Guest poem submitted independently by Suresh Ramasubramanian, and William Johns:
(Poem #776) To a Mouse, on Turning Her Up in Her Nest, With The Plough
Wee, sleekit, cowrin', tim'rous beastie, O, what a panic's in thy breastie! Thou need na start awa sae hasty, Wi' bickering brattle! I wad be laith to rin an' chase thee, Wi' murd'ring pattle! I'm truly sorry man's dominion, Has broken Nature's social union, An' justifies that ill opinion, Which makes thee startle At me, thy poor, earth-born companion, An' fellow-mortal! I doubt na, whiles, but thou may thieve; What then? poor beastie, thou maun live! A daimen icker in a thrave 'S a sma' request; I'll get blessin wi' the lave, An' never miss't! Thy wee bit housie, too, in ruin! It's silly wa's the win's are strewin! An' naething, now, to big a new ane, O' foggage green! An' bleak December's winds ensuin, Baith snell an' keen! Thou saw the fields laid bare an' waste, An' weary winter comin fast, An' cozie here, beneath the blast, Thou thought to dwell --- Till crash ! the cruel coulter past Out thro' thy cell. That wee bit heap o' leaves an' stibble, Has cost thee monie a weary nibble! Now thou's turn'd out, for a' thy trouble, But house or hald, To thole the winter's sleety dribble, An' cranreuch cauld ! But Mousie, thou art no thy lane, In proving foresight may be vain; The best-laid schemes o' mice an' men Gang aft agley, An' lea'e us nought but grief an' pain, For promis'd joy ! Still thou art blest, compar'd wi' me! The present only toucheth thee: But och! I backward cast my e'e, On prospects drear! An' forward, tho' I canna see, I guess an' fear!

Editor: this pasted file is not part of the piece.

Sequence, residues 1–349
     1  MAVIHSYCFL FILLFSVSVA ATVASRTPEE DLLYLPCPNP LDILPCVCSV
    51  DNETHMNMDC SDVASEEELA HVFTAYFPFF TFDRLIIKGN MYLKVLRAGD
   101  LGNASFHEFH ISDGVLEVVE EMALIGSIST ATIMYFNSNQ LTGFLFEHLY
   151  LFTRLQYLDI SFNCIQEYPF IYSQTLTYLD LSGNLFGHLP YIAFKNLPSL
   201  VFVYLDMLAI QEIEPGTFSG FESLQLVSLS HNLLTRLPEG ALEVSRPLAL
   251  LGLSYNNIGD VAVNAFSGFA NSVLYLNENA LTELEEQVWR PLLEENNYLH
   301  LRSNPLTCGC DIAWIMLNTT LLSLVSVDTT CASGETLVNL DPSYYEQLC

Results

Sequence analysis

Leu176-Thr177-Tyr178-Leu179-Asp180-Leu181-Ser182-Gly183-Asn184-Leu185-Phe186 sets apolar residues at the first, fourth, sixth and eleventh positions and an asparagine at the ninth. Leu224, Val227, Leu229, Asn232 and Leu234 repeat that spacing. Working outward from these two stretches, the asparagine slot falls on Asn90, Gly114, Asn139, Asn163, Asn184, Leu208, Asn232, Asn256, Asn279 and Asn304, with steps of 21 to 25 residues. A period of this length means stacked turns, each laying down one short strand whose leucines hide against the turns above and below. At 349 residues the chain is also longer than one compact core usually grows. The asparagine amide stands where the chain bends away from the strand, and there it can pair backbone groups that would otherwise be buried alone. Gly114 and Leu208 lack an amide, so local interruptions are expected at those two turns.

[Suresh's Commentary] Robert Burns was born in 1759, Ayrshire, Scotland. He grew up on his father's farm, and was self-taught. When he was just 15 years old, his father died, saddling him with an unproductive farm. His poetry gradually became popular though, so much so that he published a book of poems in 1786 (aged 27) to finance a trip to Jamaica. The book sold much better than anticipated, but Burns decided to go to Edinburgh and publish a "better" second edition of his poems. He died only 10 years later at the early age of 37, but not before writing some excellent poetry such as "Auld Lang Syne" (till today a staple of new year parties in England) and "To a mouse ...". This poem has one immortal line, which has passed into (fairly) common English usage - The best-laid schemes o' mice an' men Gang aft agley, Here's where Steinbeck got the title of his "Of Mice and Men", by the way. The poem is written in his typical "broad scots" and deals with a field mouse whose nest he apparently destroyed when plowing a field. Burns sees the mouse scuttling out of its nest, cowering and shivering in terror (and cold? it is mid-winter after all) in front of him. He starts off on the poor mouse suffering because of his actions, and then reassures it that it only has to fear the present, whereas he has had a dreary past, and "guesses and fears" his unseen but easily guessed future. Nothing at all would have differentiated this poem from the millions of sentimental and tear-jerking verses churned out by assorted poets (and ridiculed by several others) - but for the fact that Burns seems to have opened his heart to the mouse, and speaks to it as if he's trying to cheer up an old friend who has somehow fallen upon hard times. The broad scots is an added bonus, making this poem a delight to read aloud (or to listen to). For what it's worth, the "r"s are rolled out here, ... rrrr ... almost like in French. http://www.robertburns.org/works/75.html has a version with hyperlinks to a glossary of the scottish words. Suresh. [William's Commentary] One of my favorites. When I was a kid, we caught a mouse in the kitchen. He became the family pet, named "Wee sleeket cowran tim'rous beastie", and he lived a long and happy life in his new home. Kind of the exact opposite of what happened in the poem... Bill.